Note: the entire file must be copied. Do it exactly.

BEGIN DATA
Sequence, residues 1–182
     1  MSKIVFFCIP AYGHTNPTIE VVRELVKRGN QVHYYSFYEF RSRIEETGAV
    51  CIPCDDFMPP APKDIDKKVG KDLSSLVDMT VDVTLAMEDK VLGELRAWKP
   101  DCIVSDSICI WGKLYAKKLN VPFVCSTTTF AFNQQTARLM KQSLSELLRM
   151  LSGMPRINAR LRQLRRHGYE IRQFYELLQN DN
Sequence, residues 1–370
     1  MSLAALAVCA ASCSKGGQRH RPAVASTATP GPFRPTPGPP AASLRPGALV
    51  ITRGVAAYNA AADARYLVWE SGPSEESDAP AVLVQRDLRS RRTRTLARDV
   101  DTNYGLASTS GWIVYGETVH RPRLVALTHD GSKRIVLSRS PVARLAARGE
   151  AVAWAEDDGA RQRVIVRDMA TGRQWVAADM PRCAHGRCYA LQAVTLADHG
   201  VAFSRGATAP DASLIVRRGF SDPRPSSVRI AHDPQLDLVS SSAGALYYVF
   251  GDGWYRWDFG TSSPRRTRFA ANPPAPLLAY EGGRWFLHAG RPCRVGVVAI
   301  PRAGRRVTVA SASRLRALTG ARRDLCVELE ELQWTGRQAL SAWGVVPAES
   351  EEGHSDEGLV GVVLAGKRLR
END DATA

Sequence, residues 1–182
     1  MSKIVFFCIP AYGHTNPTIE VVRELVKRGN QVHYYSFYEF RSRIEETGAV
    51  CIPCDDFMPP APKDIDKKVG KDLSSLVDMT VDVTLAMEDK VLGELRAWKP
   101  DCIVSDSICI WGKLYAKKLN VPFVCSTTTF AFNQQTARLM KQSLSELLRM
   151  LSGMPRINAR LRQLRRHGYE IRQFYELLQN DN
Sequence, residues 1–370
     1  MSLAALAVCA ASCSKGGQRH RPAVASTATP GPFRPTPGPP AASLRPGALV
    51  ITRGVAAYNA AADARYLVWE SGPSEESDAP AVLVQRDLRS RRTRTLARDV
   101  DTNYGLASTS GWIVYGETVH RPRLVALTHD GSKRIVLSRS PVARLAARGE
   151  AVAWAEDDGA RQRVIVRDMA TGRQWVAADM PRCAHGRCYA LQAVTLADHG
   201  VAFSRGATAP DASLIVRRGF SDPRPSSVRI AHDPQLDLVS SSAGALYYVF
   251  GDGWYRWDFG TSSPRRTRFA ANPPAPLLAY EGGRWFLHAG RPCRVGVVAI
   301  PRAGRRVTVA SASRLRALTG ARRDLCVELE ELQWTGRQAL SAWGVVPAES
   351  EEGHSDEGLV GVVLAGKRLR